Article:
It is our identity. Jesus is talking about your identity as something you receive from God, not something you conceive through effort. So many of us work hard to establish our identity, to find our identity, to define our identity - in the workplace, in school, in our families. But for those of us who are in Christ, we receive our identity from him - holy, loved, accepted - not because of anything we did but because of what Jesus accomplished on the cross for us.

The Christian whose identity is in Jesus is someone who is confident of God’s approval, whatever the world thinks. He has nothing to prove. In fact, that’s the reason why it makes sense for the Christian to take the lowest place is because Jesus humbled himself to the lowest place. He humbled himself to death on the cross trusting in God the Father to exalt him.

Jesus says to the guests at the table, “Don’t forget there’s a host.” God is the kind of host who loves to walk up to the little guy and say, “Friend, move up to a better place.” Isn’t that amazing?

Did you know that about God? He isn’t looking for the proud, the successful and the impressive. He is always looking out for the humble and lowly. In the Old Testament, God is never ever called the God of the rich and famous. Again and again the bible calls him the God of the fatherless, the widow, the poor and the outcast. He is their God.

“Take the lowest place,” Jesus says to the guests, but then he turns and says something even more challenging to his host, “Invite the poorest guests.”

Invite the poor

Then Jesus said to his host, “When you give a luncheon or dinner, do not invite your friends, your brothers or relatives, or your rich neighbours; if you do, they may invite you back and so you will be repaid. But when you give a banquet, invite the poor, the crippled, the lame, the blind, and you will be blessed. Although they cannot repay you, you will be repaid at the resurrection of the righteous.”
Luke 14:12-14

Jesus turns to the host and says, “Don’t just take your boss out to lunch or your clients out to a Michelin-star restaurant.” If you do, they might invite you back for drinks at the country club.

Instead organise a banquet for the poor, the crippled, the blind and the lame. Not a potluck. Not McDonald’s. Put together a large-scale, big budget feast. Book a five-star hotel and fill the banquet room with the kinds of people who never, ever get invited to banquets; who are usually stopped at the door from entering banquets. Invite the poor, the crippled, the lame and the blind.

Be honest now. How many of you read this and think: Jesus, you must be crazy!

I want you to imagine the mood in the room at this point. A few moments ago, Jesus embarrassed all the guests by calling them thick-skinned opportunists. Now he insults the host for being cheap. The host must be saying to himself, “That’s the last time I invite Jesus to my reunion dinner!” Everyone in the room would have either been offended or embarrassed.

And that is where verse 15 comes in.

When one of those at the table with him heard this, he said to Jesus, “Blessed is the man who will eat at the feast in the kingdom of God.”
Luke 14:15

Verse 15 is the guy in the back who lifts up his glass and shouts, “YAM SENG!” What is he doing? He is easing the tension. He’s doing everyone a favour by lightening the mood! This guy’s the joker in the class. He’s the life of the party.

And what he does is give the kind of toast that says “Amen!” to everything Jesus has just said, but gives a chance to everyone else to laugh the whole thing off. He says, “Blessed is the man who will eat at the feast in the kingdom of God.”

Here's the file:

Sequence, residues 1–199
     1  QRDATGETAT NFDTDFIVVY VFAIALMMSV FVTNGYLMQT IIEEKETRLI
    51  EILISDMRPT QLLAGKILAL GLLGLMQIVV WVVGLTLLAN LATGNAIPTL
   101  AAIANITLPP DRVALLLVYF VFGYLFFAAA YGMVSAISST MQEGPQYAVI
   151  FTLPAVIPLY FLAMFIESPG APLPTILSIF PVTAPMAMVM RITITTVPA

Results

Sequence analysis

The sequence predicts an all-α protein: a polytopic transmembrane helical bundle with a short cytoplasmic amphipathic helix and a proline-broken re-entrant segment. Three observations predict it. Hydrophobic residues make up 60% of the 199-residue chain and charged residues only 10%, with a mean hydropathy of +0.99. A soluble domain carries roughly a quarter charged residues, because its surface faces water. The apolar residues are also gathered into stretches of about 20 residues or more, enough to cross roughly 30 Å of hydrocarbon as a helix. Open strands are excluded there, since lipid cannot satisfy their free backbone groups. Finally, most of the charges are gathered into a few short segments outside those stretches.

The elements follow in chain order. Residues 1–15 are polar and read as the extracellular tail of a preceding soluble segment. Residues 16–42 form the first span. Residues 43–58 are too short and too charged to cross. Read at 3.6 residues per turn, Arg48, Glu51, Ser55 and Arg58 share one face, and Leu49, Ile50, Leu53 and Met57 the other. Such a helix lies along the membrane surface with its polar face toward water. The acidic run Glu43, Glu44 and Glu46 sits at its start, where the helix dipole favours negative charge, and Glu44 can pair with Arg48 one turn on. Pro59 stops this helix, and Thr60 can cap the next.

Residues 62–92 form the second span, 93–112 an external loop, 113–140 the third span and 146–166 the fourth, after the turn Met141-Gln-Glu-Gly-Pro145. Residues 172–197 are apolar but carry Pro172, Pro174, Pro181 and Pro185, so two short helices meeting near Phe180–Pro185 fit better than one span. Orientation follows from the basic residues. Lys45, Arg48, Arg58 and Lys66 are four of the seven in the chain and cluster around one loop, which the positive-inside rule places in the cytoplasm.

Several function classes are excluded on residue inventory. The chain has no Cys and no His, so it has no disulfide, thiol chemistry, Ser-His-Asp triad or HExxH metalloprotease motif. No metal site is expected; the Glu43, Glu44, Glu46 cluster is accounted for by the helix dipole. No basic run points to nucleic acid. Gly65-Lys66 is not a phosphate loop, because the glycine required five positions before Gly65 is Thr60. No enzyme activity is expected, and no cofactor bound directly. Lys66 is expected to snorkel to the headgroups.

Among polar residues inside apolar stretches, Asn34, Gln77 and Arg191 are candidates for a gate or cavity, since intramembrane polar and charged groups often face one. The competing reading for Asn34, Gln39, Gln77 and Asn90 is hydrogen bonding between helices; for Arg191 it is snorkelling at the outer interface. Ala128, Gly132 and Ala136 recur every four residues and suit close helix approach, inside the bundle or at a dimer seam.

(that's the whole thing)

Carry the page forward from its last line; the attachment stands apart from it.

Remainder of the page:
“Aye, we hear you Jesus! One day we’ll all have a good laugh about it in heaven, eh?”

But Jesus doesn’t let them off the hook. Instead, Jesus tells them a second parable about the feast in the kingdom of God.

Everything is now ready

Jesus replied: “A certain man was preparing a great banquet and invited many guests. At the time of the banquet he sent his servant to tell those who had been invited, ‘Come, for everything is now ready.’

“But they all alike began to make excuses. The first said, ‘I have just bought a field, and I must go and see it. Please excuse me.’

“Another said, ‘I have just bought five yoke of oxen, and I’m on my way to try them out. Please excuse me.’

“Still another said, ‘I just got married, so I can’t come.’

“The servant came back and reported this to his master. Then the owner of the house became angry and ordered his servant, ‘Go out quickly into the streets and alleys of the town and bring in the poor, the crippled, the blind and the lame.’
Luke 14:16-21

Notice, who does the master want to be brought into his banquet? The poor, the crippled, the blind and the lame. Who was it again that Jesus tells the host to invite to his banquet back in verse 13? The poor, the crippled, the lame and the blind. Notice the connection.

But the master doesn’t stop there - with just the poor, the crippled, the lame and the blind.

“‘Sir,’ the servant said, ‘what you ordered has been done, but there is still room.’

“Then the master told his servant, ‘Go out to the roads and country lanes and make them come in, so that my house will be full. I tell you, not one of those men who were invited will get a taste of my banquet.’”
Luke 14:22-24

Why does Jesus tell this parable? Sometimes you hear this parable told as a way of saying, “Look how wonderful heaven is going to be. It’s going to be like that scene in Harry Potter, in the Great Hall with all sorts of yummy food and desserts. Heaven is going to be one great big banquet.”

Yet notice that there is not a single description of the food or decorations. Why does Jesus tell this parable? Not to teach us about food but to teach us about the host and his guests.

There are two sorts of guests, Jesus explains. First, there are the VIP’s. The VIP's get exclusive invitations. In fact, on the day of the banquet, the VIP's are sent reminders yet not a single VIP turns up at the banquet. The food is ready, the hall is laid out yet every seat is empty.